Characters in SKU numbers can represent information such as manufacturer, color, size, cost or warehouse location, for example. However, if you try to pack too much information into a SKU number, it can become long and confusing, creating a greater risk of data entry error or packing and shipping error. Keep SKUs to fewer than 12 characters. Instead of using long SKU numbers packed with product details, it’s often better to save the majority of details for product name and description.
On the other hand, a SKU number that’s too short can make it easy to confuse with a product quantity code. As a happy medium, Chief Operating Officer of Rakuten Super Logistics Michael Manzione recommends using eight alphanumeric characters for SKU numbers and keeping them short and simple enough that a fifth grader could read them.
Start SKU numbers with letters, which makes them easier to read. Don’t start with a zero or other characters that could be misinterpreted by human readers or by computers. Use both letters and numbers rather than using only letters or only numbers. For readability, you can print SKU labels with one form readable by the human eye as well as a code that can be scanned.
Create SKU numbers unique to your company. Avoid using manufacturer model, serial or SKU numbers as your own SKU numbers. This prevents your numbers from becoming out of sync in the event that you resell products from a manufacturer who changes codes or if you switch to a different manufacturing source.
As a recap, let’s look at the best practices for developing your own SKU codes:
- Keep codes between eight and 12 characters
- Use a combination of letters and numbers
- For readability, start codes with a letter
- Avoid using manufacturer SKUs
Understanding and Using UPC Codes
UPC barcodes (short for Universal Product Codes) were introduced in 1974 to help retailers track trade items. UPCs are numeric codes with 12 digits. When you go through a grocery checkout line, the barcode you see the clerk scan is a UPC code.
UPC codes are administered and managed by GS1 US, the American branch of an international organization GS1 (formerly called the Uniform Code Council). Once a UPC code gets assigned to a product, it remains constant for that product throughout the product’s shelf life. A product retains the same UPC code even if it is sold by multiple retailers.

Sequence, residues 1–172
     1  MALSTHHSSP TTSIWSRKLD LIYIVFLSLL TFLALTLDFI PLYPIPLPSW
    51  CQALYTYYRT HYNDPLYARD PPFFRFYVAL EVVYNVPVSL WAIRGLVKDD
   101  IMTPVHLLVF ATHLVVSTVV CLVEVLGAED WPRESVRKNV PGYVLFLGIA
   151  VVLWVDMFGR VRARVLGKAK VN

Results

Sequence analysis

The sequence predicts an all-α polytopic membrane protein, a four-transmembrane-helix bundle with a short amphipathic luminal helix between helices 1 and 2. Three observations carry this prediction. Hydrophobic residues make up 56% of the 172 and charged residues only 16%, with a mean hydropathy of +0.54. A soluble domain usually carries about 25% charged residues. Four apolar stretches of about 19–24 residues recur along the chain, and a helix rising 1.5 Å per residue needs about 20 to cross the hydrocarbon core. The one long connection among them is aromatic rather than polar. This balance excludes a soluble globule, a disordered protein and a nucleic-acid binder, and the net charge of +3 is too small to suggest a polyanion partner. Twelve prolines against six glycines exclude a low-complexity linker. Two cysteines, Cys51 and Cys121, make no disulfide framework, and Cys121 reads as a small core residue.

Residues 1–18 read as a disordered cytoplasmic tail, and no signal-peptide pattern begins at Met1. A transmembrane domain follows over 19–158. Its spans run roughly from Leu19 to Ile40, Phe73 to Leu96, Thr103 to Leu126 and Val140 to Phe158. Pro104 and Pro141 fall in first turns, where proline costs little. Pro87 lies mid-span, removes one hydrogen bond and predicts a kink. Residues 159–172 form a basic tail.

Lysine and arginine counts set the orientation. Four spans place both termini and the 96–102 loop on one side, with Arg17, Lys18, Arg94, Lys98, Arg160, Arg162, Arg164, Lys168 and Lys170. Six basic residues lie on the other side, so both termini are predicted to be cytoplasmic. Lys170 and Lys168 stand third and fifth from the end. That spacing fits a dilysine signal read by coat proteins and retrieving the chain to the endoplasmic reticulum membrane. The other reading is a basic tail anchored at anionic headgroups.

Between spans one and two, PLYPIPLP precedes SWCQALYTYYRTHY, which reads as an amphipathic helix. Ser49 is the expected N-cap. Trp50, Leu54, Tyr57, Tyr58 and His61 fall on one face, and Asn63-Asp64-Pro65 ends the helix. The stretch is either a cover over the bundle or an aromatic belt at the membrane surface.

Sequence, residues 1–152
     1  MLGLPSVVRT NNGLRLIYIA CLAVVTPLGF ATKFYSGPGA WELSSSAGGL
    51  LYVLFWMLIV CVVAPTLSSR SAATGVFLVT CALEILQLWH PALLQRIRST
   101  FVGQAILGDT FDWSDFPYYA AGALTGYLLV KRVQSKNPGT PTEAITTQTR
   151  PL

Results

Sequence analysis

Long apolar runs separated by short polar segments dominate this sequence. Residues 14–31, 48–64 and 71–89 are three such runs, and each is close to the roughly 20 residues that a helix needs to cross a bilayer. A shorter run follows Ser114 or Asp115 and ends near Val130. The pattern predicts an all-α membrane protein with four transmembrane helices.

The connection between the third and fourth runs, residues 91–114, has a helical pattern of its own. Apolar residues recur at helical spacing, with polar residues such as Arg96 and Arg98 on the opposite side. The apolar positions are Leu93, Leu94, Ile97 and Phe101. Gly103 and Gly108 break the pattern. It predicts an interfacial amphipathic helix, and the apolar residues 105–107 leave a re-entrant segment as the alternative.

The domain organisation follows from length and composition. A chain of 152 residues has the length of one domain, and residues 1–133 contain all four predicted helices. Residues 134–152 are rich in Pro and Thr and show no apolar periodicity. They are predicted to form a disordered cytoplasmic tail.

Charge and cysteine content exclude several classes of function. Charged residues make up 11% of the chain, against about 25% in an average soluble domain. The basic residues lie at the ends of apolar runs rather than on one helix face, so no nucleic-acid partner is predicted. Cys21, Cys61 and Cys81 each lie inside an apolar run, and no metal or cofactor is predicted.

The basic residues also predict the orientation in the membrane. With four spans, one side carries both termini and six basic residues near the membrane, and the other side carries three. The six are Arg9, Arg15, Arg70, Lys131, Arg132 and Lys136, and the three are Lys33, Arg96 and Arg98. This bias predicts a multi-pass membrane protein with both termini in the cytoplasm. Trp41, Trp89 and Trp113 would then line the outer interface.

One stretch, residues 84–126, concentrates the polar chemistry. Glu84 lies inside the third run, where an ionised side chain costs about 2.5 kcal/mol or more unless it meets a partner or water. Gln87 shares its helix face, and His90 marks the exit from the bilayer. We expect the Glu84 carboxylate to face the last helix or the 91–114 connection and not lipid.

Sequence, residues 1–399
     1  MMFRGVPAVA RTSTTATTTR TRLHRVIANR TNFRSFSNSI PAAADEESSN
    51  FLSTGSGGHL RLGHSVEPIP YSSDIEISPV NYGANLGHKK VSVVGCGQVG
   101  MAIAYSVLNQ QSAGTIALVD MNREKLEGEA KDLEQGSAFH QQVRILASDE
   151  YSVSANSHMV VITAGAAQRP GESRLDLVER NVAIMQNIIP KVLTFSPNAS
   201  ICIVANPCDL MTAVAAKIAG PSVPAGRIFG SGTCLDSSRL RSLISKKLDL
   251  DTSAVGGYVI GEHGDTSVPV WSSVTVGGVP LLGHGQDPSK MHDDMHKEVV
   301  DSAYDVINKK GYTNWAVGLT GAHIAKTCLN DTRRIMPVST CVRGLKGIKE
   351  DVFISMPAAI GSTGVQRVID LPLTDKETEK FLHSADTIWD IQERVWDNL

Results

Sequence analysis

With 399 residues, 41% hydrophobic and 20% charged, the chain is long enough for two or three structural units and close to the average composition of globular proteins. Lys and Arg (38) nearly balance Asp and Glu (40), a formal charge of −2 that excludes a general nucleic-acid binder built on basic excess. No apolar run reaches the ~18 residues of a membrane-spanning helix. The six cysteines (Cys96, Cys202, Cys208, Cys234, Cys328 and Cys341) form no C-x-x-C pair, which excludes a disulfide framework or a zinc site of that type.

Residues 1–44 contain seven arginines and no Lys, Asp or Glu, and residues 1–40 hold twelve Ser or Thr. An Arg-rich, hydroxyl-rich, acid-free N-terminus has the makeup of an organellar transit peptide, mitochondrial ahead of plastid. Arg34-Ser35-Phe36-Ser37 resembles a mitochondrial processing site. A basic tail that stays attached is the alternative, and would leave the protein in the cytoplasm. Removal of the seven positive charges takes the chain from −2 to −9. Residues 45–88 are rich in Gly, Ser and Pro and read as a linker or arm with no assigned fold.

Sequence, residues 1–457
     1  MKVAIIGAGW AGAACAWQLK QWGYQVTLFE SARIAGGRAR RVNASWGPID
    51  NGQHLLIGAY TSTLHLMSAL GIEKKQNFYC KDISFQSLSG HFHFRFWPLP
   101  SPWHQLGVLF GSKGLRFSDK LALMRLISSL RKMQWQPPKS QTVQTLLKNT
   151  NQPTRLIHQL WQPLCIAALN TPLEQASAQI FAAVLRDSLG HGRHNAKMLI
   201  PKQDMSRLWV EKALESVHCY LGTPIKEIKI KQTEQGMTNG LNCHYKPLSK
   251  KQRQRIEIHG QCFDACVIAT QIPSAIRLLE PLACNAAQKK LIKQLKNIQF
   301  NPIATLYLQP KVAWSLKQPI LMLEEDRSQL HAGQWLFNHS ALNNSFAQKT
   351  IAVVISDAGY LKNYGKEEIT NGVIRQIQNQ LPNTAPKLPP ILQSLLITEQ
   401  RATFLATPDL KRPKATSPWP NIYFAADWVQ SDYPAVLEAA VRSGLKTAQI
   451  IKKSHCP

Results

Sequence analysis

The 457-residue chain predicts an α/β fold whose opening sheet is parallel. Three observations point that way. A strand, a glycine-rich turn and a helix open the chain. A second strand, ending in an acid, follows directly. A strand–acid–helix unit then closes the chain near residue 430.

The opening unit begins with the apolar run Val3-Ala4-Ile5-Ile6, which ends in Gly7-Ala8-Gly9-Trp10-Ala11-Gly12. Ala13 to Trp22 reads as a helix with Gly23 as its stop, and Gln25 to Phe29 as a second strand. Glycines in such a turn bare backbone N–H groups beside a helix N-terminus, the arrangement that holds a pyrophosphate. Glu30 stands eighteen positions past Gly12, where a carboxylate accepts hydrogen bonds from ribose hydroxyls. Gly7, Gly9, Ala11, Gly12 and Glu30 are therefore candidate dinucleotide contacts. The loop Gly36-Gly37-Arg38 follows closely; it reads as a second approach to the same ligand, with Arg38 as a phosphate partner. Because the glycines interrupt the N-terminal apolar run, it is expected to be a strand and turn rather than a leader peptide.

Take a brand of blueberries for example, every carton of those blueberries, regardless of the specific grocery store that sells them, will have the same UPC code.
You only need a UPC code for items that are being sold through retail supply chains.
If you are selling products internationally, for some countries, you may need to use a special 13-digit version of a UPC called an International Article Number (IAN) or European Article Number (EAN). If you are not sure which type of code is appropriate for a particular country, check with your retailer.
SKU vs. UPC: Comparisons and Contrasts
SKU numbers are unique to individual retailers, whereas UPC barcodes are used universally and remain constant for a product no matter what retailer is selling it. For this reason, a product will retain one UPC code even if it is assigned different SKU numbers by different companies.
Another difference between SKU numbers and UPC barcodes is that SKU codes are alphanumeric, while UPC barcodes are numeric. UPC barcodes must be 12 digits, while SKU numbers are whatever length the company assigning them decides.
SKU numbers are created by the companies that use them internally, while UPC barcodes are administered by GS1. Companies can freely create their own SKU numbers, whereas UPC barcode numbers must be purchased and licensed.
Today, to make using SKUs and UPCs easier and more efficient, business software app providers are designing ways to integrate SKU and UPC scanning with digital inventory tracking, point of sale, order fulfillment and accounting software. For instance, QuickBooks Enterprise includes an Advanced Inventory module that integrates barcode information with QuickBooks, enabling companies to save time by simultaneously updating inventory and accounting data.
Whatever solution you use for reliable inventory management, be sure you know the basic differences between UPCs and SKUs, and follow the best practices for each.